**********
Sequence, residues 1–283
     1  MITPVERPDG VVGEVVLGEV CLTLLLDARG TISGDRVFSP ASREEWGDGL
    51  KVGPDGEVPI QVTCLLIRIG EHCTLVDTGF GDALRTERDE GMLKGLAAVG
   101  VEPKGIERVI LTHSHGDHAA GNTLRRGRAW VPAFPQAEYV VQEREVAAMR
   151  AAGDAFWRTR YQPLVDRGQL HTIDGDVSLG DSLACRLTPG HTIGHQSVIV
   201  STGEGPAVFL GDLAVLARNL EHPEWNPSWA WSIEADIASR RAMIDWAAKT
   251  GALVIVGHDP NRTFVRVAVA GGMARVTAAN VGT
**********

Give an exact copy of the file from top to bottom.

Sequence, residues 1–283
     1  MITPVERPDG VVGEVVLGEV CLTLLLDARG TISGDRVFSP ASREEWGDGL
    51  KVGPDGEVPI QVTCLLIRIG EHCTLVDTGF GDALRTERDE GMLKGLAAVG
   101  VEPKGIERVI LTHSHGDHAA GNTLRRGRAW VPAFPQAEYV VQEREVAAMR
   151  AAGDAFWRTR YQPLVDRGQL HTIDGDVSLG DSLACRLTPG HTIGHQSVIV
   201  STGEGPAVFL GDLAVLARNL EHPEWNPSWA WSIEADIASR RAMIDWAAKT
   251  GALVIVGHDP NRTFVRVAVA GGMARVTAAN VGT